The music of Paradise Lost elicits imagery of shadows and graveyards, of leaves decaying in the transition to winter. Merging threads of gothic rock, doom and death metal, Paradise Lost embrace a wondrous hybrid of heaviness and mysticism. Having established themselves as one of the preeminent names in gothic doom over the course of three decades, Paradise Lost are masters of their craft. And with an ominous, melancholic air woven throughout each of its tracks, Obsidian finds Paradise Lost deliver another thrilling experience deep into their career.
Opening track “Darker Thoughts” sets a somber tone, with vocalist Nick Holmes singing over soothing guitar picks and strings, lingering in a state of calm before blossoming into a trademark crushing arrangement. The guitars erupt into distortion, the drums bashing down alongside heavier bass. Transitions like these display the duality of Paradise Lost’s chemistry; compositions balance and blend aggressive attitudes with ethereal air that are illustrative of the music’s emotional ferocity. The doom-laden pace of “Fall From Grace” allows for the high-on-the-neck guitar work to cry out over the careful clashing of the drums, the vocals shifting from death growls to beautiful singing.
While Stephen Edmondson’s bass work and Waltteri Väyrynen’s drumming supply adrenaline to each track, the guitars are what fuel the material’s evocative nature. Both Gregor Mackintosh and Aaron Aedy offer a keen understanding of pacing and intensity, employing well-timed transitions into brutality and melancholic meditation. Likewise, Holmes’ juxtaposition of melodic singing and growls allow each song to offer various touches of gloom. But Obsidian‘s depth doesn’t end at lovely shades of mood. Among the tranquil sequences of gothic atmosphere, Paradise Lost also unleash compositions of stunning thrills.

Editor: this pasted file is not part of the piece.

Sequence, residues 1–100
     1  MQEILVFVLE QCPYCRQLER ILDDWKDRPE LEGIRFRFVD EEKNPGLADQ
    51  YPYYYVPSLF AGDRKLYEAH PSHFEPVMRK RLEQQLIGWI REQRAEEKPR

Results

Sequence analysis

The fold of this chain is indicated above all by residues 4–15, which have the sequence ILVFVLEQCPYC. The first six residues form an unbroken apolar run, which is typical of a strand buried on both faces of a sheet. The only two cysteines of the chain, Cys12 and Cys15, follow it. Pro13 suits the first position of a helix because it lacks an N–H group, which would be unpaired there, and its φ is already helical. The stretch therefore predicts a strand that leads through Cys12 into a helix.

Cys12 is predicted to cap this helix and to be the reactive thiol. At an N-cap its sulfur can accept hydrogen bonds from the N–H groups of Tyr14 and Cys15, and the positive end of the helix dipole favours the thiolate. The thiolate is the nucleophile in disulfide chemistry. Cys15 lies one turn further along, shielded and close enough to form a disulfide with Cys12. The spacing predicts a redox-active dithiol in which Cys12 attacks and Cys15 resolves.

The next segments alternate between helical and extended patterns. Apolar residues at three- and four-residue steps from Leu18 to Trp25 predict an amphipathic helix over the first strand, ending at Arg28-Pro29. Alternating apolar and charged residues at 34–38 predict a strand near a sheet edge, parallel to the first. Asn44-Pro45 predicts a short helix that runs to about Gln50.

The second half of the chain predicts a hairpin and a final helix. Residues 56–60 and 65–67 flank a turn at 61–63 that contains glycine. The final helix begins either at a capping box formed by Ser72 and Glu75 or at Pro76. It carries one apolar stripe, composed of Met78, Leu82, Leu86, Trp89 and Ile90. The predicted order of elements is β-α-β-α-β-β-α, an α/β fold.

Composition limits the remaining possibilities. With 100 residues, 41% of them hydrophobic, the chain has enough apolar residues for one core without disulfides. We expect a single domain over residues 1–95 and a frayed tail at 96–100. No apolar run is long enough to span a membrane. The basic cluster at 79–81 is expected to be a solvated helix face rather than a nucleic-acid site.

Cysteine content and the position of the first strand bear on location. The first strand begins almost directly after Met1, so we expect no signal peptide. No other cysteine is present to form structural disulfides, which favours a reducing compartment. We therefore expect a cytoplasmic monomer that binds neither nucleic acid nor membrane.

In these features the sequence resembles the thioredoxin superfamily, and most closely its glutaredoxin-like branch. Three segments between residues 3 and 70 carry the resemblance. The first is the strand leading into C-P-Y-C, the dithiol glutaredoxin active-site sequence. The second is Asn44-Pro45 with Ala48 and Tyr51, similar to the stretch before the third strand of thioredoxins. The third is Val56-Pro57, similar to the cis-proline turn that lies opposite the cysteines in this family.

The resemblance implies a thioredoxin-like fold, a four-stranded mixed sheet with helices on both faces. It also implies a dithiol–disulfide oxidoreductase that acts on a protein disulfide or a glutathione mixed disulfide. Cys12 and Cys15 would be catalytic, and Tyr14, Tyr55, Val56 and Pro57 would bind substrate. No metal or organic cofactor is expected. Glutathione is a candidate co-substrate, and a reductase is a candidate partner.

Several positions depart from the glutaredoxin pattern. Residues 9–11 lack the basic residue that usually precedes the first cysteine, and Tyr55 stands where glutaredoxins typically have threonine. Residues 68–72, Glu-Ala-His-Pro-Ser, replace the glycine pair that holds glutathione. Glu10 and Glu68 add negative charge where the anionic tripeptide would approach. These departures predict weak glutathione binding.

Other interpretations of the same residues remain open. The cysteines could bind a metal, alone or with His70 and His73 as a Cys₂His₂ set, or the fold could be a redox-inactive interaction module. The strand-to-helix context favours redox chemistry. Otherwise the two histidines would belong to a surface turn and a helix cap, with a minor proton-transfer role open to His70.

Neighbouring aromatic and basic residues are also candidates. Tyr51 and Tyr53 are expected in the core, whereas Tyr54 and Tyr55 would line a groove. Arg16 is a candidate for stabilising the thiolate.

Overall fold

“Ghosts” is an absolute banger. Its guitars and drums slowly build, hyping the listener for the burst of instrumentation to come, namely the guitars’ hypnotic wail. “Serenity” doesn’t hold back on the heaviness either, coming out of the gates pouncing and riding. “Ravenghast” makes for a solid example of Obsidian’s duality. Ethereal atmosphere meets exciting brutality.
Obsidian is an album that never relents. With their talent and experience, Paradise Lost have the well-honed chops to consistently deliver track after track of mesmerizing metal. Obsidian balances the parallel energies of gothic rock pageantry and sinister death doom heaviness, Paradise Lost once again presenting a phenomenal record of potent majesty.
Label: Nuclear Blast
A graduate of Columbia College Chicago's Creative Writing Program, Michael Pementel is a published music journalist, specializing in metal and its numerous subgenres. Along with his work for Treble and Bloody Disgusting, he has also written for Consequence of Sound, Metal Injection, Dread Central, Electronic Gaming Monthly and the Funimation blog.